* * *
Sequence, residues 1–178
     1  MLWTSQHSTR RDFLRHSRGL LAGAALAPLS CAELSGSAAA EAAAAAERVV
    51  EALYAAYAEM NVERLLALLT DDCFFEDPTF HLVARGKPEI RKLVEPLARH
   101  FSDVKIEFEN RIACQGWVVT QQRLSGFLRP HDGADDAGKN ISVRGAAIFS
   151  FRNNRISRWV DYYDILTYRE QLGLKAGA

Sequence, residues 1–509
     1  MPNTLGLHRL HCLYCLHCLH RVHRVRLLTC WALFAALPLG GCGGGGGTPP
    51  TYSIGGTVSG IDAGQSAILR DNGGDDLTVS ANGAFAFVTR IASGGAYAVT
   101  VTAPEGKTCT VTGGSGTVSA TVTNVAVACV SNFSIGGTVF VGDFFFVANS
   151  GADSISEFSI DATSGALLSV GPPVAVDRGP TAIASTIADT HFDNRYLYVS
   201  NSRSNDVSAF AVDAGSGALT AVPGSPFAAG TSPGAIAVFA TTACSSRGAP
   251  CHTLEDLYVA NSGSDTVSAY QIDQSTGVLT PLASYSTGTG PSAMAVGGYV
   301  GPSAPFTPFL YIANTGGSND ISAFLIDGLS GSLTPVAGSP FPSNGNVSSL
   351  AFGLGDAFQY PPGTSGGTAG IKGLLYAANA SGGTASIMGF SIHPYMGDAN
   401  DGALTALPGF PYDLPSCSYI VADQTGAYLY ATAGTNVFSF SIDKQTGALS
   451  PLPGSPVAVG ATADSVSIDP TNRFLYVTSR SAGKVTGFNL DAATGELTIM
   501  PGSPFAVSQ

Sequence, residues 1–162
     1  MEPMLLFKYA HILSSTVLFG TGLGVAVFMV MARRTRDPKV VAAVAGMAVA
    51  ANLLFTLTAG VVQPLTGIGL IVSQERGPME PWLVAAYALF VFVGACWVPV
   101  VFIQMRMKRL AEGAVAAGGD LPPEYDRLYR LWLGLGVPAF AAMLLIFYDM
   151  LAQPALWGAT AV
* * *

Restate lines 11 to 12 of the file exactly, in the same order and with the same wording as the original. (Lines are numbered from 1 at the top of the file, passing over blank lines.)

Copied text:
   201  NSRSNDVSAF AVDAGSGALT AVPGSPFAAG TSPGAIAVFA TTACSSRGAP
   251  CHTLEDLYVA NSGSDTVSAY QIDQSTGVLT PLASYSTGTG PSAMAVGGYV